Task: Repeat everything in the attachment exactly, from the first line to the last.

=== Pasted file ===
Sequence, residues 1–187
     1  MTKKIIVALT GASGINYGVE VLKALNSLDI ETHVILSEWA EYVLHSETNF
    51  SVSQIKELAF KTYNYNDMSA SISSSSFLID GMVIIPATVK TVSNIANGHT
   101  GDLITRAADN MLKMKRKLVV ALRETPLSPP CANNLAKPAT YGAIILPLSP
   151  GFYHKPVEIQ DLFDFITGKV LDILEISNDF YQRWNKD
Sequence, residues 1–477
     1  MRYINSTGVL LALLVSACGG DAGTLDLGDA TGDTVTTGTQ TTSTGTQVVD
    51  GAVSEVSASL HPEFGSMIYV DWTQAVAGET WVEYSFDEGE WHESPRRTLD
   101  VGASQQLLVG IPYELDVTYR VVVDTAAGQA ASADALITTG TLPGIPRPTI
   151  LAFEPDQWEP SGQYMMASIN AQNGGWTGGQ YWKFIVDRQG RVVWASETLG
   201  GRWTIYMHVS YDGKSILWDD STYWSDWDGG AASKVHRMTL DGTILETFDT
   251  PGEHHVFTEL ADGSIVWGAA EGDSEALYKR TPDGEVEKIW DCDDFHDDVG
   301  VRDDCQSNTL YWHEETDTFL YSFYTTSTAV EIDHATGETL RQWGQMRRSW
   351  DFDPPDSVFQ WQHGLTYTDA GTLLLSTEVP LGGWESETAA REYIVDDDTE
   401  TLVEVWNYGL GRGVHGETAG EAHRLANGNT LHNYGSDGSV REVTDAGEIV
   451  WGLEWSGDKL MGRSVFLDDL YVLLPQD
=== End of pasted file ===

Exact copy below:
Sequence, residues 1–187
     1  MTKKIIVALT GASGINYGVE VLKALNSLDI ETHVILSEWA EYVLHSETNF
    51  SVSQIKELAF KTYNYNDMSA SISSSSFLID GMVIIPATVK TVSNIANGHT
   101  GDLITRAADN MLKMKRKLVV ALRETPLSPP CANNLAKPAT YGAIILPLSP
   151  GFYHKPVEIQ DLFDFITGKV LDILEISNDF YQRWNKD
Sequence, residues 1–477
     1  MRYINSTGVL LALLVSACGG DAGTLDLGDA TGDTVTTGTQ TTSTGTQVVD
    51  GAVSEVSASL HPEFGSMIYV DWTQAVAGET WVEYSFDEGE WHESPRRTLD
   101  VGASQQLLVG IPYELDVTYR VVVDTAAGQA ASADALITTG TLPGIPRPTI
   151  LAFEPDQWEP SGQYMMASIN AQNGGWTGGQ YWKFIVDRQG RVVWASETLG
   201  GRWTIYMHVS YDGKSILWDD STYWSDWDGG AASKVHRMTL DGTILETFDT
   251  PGEHHVFTEL ADGSIVWGAA EGDSEALYKR TPDGEVEKIW DCDDFHDDVG
   301  VRDDCQSNTL YWHEETDTFL YSFYTTSTAV EIDHATGETL RQWGQMRRSW
   351  DFDPPDSVFQ WQHGLTYTDA GTLLLSTEVP LGGWESETAA REYIVDDDTE
   401  TLVEVWNYGL GRGVHGETAG EAHRLANGNT LHNYGSDGSV REVTDAGEIV
   451  WGLEWSGDKL MGRSVFLDDL YVLLPQD